Is it a hint at mass prosecutions to come, or simply another example of the administration’s bluster overreaching and coming off downright absurd?
It is unclear, but the US Air Force is certainly capturing headlines today with a “guidance” to its service members that not only are they at risk of prosecution if they read WikiLeaks, but that their families and everyone else are as well.
The release, dated Thursday but only coming to public knowledge today, cautions that anyone who reads the documents could be prosecuted for “espionage under the Espionage Act,” and cautions members to make sure their families don’t try to read the whistleblower’s leaks.
A spokeswoman for the Air Force insisted the guidance was designed “to give guidance to military and civilian servicemembers and employees to control their young’uns,” but now say that the warnings are under review based on reports that there may be a secret, alternative guidance from the Justice Dept.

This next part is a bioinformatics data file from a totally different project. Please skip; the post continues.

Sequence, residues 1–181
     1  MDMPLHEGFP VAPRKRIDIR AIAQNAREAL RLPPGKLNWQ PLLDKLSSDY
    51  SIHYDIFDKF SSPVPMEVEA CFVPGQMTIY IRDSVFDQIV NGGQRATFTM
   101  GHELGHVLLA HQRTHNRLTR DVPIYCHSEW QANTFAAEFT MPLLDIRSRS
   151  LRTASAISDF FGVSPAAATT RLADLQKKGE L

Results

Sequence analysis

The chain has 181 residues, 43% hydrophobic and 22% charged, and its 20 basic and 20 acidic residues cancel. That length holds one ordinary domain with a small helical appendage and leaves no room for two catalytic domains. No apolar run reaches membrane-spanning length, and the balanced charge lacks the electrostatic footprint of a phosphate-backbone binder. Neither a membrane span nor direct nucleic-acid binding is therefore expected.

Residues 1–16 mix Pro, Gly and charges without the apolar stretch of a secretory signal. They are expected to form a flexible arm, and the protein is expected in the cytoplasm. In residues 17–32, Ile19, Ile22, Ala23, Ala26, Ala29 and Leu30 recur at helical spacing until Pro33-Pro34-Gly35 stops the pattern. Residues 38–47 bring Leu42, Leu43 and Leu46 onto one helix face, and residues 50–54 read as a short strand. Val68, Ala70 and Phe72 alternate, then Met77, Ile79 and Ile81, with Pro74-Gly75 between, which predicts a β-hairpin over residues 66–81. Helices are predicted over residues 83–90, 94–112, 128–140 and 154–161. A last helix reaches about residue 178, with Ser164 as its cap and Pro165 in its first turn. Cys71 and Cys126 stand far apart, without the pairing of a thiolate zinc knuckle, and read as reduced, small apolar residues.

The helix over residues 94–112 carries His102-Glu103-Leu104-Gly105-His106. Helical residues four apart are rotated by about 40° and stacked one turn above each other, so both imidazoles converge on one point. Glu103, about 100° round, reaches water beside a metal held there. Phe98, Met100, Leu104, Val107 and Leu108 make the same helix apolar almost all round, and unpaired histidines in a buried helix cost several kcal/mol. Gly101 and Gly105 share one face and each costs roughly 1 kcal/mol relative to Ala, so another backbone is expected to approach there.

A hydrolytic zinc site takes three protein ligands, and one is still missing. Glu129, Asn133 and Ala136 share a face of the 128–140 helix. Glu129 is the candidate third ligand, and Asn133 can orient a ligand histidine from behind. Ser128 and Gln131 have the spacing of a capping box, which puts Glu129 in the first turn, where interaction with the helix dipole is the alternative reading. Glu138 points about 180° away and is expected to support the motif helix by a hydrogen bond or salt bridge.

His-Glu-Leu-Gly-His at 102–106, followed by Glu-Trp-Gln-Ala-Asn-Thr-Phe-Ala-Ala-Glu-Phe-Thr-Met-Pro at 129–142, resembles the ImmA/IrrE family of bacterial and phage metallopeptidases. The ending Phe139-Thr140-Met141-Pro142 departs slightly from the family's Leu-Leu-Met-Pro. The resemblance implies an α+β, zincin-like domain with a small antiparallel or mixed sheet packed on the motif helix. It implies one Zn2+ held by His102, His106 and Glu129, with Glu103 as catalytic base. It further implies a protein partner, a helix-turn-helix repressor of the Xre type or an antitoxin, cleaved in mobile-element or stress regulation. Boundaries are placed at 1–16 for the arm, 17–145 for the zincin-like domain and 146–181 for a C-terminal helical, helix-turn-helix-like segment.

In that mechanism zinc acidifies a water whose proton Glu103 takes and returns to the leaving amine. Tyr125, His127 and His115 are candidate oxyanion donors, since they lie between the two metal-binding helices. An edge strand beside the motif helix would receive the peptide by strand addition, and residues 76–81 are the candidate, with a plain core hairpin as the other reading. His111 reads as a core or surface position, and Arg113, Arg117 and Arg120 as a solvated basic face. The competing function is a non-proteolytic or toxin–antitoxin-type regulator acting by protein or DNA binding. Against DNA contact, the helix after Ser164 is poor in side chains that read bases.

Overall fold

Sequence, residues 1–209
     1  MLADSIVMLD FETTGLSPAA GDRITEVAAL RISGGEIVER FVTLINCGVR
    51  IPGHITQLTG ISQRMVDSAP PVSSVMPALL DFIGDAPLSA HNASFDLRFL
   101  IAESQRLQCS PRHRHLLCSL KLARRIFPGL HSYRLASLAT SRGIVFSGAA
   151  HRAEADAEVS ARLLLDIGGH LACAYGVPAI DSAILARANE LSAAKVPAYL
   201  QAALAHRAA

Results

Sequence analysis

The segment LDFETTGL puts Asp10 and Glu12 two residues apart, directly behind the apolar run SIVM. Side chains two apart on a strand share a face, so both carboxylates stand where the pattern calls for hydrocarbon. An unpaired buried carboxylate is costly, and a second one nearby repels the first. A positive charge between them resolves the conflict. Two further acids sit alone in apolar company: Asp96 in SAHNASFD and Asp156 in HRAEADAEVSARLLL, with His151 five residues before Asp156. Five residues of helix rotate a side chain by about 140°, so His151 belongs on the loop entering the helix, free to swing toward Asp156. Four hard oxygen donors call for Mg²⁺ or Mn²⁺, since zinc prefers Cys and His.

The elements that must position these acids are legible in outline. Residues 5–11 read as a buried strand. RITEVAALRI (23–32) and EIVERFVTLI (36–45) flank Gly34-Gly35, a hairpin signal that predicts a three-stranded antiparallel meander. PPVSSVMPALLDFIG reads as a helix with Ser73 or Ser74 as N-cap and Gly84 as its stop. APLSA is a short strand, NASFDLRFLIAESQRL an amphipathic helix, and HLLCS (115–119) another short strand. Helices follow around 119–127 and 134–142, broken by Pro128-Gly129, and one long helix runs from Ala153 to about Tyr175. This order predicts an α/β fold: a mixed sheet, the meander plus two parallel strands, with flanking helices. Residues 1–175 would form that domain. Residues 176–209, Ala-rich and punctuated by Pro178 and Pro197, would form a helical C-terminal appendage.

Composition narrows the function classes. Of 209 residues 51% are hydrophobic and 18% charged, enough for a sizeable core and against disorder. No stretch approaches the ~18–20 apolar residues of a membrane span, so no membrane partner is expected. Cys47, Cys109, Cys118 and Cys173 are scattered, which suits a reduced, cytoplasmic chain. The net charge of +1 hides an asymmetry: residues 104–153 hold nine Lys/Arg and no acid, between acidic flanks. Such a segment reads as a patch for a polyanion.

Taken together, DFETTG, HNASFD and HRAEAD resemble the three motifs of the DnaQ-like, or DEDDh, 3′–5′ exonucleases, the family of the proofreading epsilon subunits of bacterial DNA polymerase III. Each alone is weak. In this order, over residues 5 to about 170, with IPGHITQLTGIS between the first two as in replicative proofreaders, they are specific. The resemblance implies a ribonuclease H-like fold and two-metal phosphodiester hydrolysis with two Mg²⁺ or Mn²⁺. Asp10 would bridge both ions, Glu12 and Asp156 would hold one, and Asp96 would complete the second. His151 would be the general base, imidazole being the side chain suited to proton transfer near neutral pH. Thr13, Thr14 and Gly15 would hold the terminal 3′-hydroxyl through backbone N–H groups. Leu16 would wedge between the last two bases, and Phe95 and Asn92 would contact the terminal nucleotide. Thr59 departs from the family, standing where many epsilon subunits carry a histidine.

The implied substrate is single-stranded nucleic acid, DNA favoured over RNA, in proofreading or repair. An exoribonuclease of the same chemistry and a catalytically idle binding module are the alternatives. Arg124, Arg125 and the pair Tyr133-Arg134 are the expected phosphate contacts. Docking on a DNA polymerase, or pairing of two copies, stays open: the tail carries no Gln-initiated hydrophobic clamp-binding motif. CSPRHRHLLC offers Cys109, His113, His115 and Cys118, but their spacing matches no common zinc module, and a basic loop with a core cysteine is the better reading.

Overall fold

Though administration officials have raised the possibility that the seldom-used Espionage Act could be used against WikiLeaks founder Julian Assange (even this appears to be a matter of no small speculation) for releasing the files, there has never in US history been an attempted prosecution of a citizen for espionage for having read a website, nor does it seem like such moves are immediately forthcoming.